We all knew it was going to happen but it wasn’t until the first half of the season that enough was enough for Rick and finally decided that they should take on Negan and the Saviors. They did spend a lot of time with buildup and world-building which was sort of compelling but these early episodes almost felt like filler. Because they introduced all of these communities, Rick and the gang had to convince the Kingdom and the Hilltop to join their cause. They initially said no but we all knew what was really going to happen. Also during this time, we were introduced to one more community of dirty, weird-talking trash people known as the Scavengers as well as their leader Jadis (Pollyanna McIntosh). They were willing to help if Rick and the gang got guns for them (Oceanside had plenty of guns).

Now lets run through some odds and ends:

  • Carl snuck on a truck to infiltrate the Sanctuary, Negan was kind of impressed but still let him go back.
  • Eugene was taken by Negan during his last visit to Alexandria and we got to see more of the Sanctuary through his scared eyes and invoking his sense of self-preservation, he joined the Saviors.
  • Rick and Michonne went on an fun adventure to find guns.
  • The death of someone close to Morgan turned Morgan off from his pacifism and paved the way for the Kingdom to join the fight.
  • Sasha and Rosita were impatient with Rick and tried to do their own thing, leading to Sasha sacrificing herself.
  • Gregory got embarrassed publicly and left the Hilltop, paving the way for Maggie to become their leader.
  • Rick and the gang got all the guns from Oceanside which satisfied the Scavengers.
  • With nothing left, Dwight joined Rick’s gang and faced the expected skepticism.

Ever since the gruesome premiere, the season has been painstakingly building up to a battle between Rick’s gang and the Saviors. Over the previous 15 episodes, we were beaten over the head with Negan, we met all the characters and communities involved, we witnessed the hardships they faced from the Saviors, and saw them rally together. As mentioned, all these stories were sort of compelling to watch but they probably didn’t need 15 episodes to do this. They were establishing the stakes but it was easy to get restless as a result.

With that said, even the battle (not final battle because that was never going to happen here) was delayed. It was already announced that actress Sonequa Martin-Green had signed onto a new show so she was going to leave somehow so the finale went out of its way to give Sasha a send off which took away from the finale.  She sacrificed herself to save Rosita, causing her to be trapped at the Sanctuary with no way out. As he was with all the others who’ve stood up to him, he was impressed with Sasha so he wanted her to join him and attack her friends back in Alexandria. Of course she didn’t join him for real but used this as an opportunity to take some poison pills and wreak havoc as a Walker.

Once the battle actually came, the Kingdom and the Hilltop joined in but it was rather underwhelming as the buildup didn’t quite justify the result. Again, it wasn’t the final battle as this season was a means to set up an extended war between these groups in the upcoming season. At least there wasn’t a cliffhanger this time around.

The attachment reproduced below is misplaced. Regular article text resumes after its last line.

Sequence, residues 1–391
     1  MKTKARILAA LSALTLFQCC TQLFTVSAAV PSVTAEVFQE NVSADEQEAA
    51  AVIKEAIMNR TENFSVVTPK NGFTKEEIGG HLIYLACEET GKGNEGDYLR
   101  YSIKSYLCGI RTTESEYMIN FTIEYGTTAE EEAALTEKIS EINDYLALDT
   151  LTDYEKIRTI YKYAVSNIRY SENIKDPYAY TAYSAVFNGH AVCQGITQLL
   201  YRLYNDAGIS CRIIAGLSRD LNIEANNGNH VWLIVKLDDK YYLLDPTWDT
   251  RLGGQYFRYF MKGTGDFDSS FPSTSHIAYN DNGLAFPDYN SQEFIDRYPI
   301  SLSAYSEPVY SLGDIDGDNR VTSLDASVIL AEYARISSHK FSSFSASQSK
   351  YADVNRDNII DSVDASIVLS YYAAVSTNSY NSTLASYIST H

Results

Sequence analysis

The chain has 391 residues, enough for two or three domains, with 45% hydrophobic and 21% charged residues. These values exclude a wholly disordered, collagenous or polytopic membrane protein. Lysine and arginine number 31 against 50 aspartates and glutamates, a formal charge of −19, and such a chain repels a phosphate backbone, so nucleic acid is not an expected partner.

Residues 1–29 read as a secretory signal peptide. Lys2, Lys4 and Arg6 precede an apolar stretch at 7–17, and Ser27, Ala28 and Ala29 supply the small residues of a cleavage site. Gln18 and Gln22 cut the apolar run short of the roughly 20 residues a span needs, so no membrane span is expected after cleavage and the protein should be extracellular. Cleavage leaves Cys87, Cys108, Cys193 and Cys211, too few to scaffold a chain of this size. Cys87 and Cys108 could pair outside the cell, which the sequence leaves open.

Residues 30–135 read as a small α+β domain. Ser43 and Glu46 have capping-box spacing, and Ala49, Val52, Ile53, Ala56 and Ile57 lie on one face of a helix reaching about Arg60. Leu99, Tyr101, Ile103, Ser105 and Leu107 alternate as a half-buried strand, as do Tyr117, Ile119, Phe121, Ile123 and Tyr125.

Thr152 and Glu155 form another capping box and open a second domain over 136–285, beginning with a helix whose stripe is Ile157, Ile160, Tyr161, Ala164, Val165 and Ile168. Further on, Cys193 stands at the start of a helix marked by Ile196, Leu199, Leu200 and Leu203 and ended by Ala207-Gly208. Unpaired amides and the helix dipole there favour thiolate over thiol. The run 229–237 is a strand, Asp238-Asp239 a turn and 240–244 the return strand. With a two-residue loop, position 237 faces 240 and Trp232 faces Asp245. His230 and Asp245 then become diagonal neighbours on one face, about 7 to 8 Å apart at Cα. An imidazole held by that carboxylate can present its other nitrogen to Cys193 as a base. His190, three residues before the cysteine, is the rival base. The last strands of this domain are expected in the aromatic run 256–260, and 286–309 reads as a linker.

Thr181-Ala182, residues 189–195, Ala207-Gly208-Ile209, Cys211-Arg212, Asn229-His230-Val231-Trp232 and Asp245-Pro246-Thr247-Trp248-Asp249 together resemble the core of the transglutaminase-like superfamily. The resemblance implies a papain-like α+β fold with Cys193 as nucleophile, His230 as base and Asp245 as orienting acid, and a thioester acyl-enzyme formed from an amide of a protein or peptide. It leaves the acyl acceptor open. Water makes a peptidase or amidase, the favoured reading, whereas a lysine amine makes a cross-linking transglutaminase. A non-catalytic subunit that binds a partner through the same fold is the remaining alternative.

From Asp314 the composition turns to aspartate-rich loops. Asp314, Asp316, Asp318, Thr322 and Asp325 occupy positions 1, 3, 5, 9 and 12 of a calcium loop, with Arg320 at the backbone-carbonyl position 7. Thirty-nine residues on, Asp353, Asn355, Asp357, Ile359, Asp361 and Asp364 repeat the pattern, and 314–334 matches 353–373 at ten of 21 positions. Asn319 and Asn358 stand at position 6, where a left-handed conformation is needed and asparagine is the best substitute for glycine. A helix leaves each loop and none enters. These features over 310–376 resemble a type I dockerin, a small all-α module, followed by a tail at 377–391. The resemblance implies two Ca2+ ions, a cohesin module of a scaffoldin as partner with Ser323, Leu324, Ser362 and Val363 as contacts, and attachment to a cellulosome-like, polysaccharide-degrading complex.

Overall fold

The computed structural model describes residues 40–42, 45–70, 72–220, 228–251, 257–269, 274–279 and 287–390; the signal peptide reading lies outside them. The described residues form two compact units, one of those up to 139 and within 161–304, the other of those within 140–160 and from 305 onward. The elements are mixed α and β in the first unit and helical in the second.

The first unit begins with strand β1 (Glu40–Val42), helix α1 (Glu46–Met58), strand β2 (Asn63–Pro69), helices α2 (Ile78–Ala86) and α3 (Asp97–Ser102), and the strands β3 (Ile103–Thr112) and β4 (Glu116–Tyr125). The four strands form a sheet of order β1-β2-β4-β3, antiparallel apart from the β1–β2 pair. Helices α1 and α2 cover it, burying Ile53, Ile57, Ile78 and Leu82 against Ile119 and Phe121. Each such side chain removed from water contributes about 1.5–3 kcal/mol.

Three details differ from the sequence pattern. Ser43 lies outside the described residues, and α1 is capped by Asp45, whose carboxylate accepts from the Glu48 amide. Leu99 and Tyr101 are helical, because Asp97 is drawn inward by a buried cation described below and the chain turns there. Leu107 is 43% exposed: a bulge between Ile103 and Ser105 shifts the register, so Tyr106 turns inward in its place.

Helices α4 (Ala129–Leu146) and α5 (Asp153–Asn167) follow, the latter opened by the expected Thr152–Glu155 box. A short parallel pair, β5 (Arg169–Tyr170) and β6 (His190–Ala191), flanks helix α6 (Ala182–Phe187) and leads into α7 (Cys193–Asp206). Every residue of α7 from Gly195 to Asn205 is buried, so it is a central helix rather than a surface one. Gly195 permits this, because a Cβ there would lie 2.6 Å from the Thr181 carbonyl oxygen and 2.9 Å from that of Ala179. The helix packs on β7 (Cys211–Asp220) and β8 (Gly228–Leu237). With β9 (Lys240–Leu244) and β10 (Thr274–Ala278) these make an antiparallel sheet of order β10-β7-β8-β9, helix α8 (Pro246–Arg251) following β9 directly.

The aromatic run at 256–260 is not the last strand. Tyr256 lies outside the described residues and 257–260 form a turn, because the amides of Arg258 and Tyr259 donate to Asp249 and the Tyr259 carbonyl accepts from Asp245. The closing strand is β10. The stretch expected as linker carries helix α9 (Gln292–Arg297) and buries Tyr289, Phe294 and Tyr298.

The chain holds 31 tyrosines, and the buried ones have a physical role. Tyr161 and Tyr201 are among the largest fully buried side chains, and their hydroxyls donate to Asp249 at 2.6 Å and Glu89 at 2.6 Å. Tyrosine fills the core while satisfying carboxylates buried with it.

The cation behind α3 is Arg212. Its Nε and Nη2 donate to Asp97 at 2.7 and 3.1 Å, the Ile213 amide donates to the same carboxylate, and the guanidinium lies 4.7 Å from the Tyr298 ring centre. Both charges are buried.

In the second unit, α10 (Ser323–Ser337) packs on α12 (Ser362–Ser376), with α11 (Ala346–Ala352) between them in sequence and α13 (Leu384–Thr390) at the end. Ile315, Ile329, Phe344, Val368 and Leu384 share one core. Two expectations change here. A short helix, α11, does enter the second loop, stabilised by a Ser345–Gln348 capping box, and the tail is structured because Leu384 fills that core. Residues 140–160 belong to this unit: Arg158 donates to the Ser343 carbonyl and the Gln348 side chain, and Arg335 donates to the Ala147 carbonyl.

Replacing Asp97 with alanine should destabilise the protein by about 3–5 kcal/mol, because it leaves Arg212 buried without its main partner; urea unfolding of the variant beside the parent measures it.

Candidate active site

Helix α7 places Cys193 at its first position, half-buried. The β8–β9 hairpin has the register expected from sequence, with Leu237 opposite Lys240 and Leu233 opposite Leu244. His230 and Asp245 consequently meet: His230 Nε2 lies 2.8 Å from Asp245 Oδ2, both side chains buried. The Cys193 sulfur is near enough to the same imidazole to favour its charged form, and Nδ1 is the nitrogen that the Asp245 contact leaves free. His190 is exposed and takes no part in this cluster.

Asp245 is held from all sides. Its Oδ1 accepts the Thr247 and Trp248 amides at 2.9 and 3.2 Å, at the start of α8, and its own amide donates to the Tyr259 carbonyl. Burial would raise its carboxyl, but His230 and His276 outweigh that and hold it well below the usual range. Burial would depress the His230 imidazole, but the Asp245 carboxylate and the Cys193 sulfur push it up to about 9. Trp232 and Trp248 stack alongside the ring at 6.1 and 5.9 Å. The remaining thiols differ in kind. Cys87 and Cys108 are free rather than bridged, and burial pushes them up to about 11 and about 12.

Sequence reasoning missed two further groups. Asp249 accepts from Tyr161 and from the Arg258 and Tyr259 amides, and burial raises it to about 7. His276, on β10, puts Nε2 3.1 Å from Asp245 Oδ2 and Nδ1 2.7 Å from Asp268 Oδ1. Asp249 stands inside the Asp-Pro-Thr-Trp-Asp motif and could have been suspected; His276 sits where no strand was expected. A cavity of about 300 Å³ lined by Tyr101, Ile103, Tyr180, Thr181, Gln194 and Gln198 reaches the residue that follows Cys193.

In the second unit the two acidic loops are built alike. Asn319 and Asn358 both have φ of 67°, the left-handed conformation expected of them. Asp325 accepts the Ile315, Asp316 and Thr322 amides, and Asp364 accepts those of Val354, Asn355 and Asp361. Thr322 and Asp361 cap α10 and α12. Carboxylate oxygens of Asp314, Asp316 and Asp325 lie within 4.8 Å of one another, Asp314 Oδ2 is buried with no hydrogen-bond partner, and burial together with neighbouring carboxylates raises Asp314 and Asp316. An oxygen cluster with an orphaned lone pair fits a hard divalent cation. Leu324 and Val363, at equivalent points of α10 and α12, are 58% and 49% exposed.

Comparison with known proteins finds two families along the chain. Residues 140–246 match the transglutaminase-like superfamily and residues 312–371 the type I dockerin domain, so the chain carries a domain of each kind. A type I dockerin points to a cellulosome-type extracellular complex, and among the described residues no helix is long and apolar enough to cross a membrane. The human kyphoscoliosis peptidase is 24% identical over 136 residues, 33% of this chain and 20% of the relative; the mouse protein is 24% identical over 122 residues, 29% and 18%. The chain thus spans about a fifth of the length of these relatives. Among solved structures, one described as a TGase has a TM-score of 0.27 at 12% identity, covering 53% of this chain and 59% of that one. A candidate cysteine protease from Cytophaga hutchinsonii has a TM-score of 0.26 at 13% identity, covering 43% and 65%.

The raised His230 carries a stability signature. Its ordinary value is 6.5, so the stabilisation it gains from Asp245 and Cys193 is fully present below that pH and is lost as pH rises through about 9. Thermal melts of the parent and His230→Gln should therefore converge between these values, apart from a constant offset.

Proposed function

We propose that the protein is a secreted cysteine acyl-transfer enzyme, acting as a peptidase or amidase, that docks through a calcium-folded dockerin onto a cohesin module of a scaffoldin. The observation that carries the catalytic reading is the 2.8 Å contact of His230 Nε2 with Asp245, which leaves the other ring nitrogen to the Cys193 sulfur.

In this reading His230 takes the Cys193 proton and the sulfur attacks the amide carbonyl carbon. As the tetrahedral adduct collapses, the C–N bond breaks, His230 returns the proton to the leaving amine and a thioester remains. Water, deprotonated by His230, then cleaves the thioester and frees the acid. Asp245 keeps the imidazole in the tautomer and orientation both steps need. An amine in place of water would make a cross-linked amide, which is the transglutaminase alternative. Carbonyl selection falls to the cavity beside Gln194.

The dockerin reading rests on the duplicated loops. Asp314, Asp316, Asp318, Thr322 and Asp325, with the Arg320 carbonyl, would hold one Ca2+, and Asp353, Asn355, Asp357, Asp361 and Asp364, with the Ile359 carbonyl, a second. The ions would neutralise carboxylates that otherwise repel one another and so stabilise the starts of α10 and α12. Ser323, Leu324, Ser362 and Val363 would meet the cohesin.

The acting was good across the board despite the uneven story and writing. The story definitely had high and low points but it wasn’t the fault of the acting. When there wasn’t action, the season had plenty of emotional moments that were handled admirably but they generally tended to bog things down. The standouts had to be Melissa McBride and Lennie James whose characters both evolved over the season, wavering between killing to not killing to killing again. After 7 seasons, the core actors have developed great chemistry which made it slightly more bearable. The balance between action and drama has favored the latter over the last few seasons and that was still the case here, even more so, finale battle aside.

Overall, this was a decent season, serving as more of a prequel for the war to come. It spent more time than it probably had to building up to the eventual battle near the end of the season through filler standalone episodes. The emotion of the season was sort of compelling but it did start to get repetitive, leading to restlessness. Once the final battle came, it was rather disappointing but the war to come looks to be exciting but let’s hope the writing doesn’t ruin it.

Score: 7/10

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One comment

  • Paul. Writer and Filmmaker

    April 19, 2017 at 3:40 AM

    Great review and I agree with your summation and mark. I have to say I enjoyed the show but agree with you that Season 7 and (even more so Season 6) had many pacing issues. I kind of think 16 episodes is TOO long for a TV season (I know some are more such as Gotham, Person of Interest etc.) and felt the earlier seasons were far more dramatic and punchier. There was some great writing and characterisation in here but I would have liked some more dramatic peaks in the 2nd half of the season. It’s settled overall into the pace of a soap opera now rather than ballsy, jaw-dropping drama like Game of Thrones. Yet, I will continue watching it as the cast are always very good.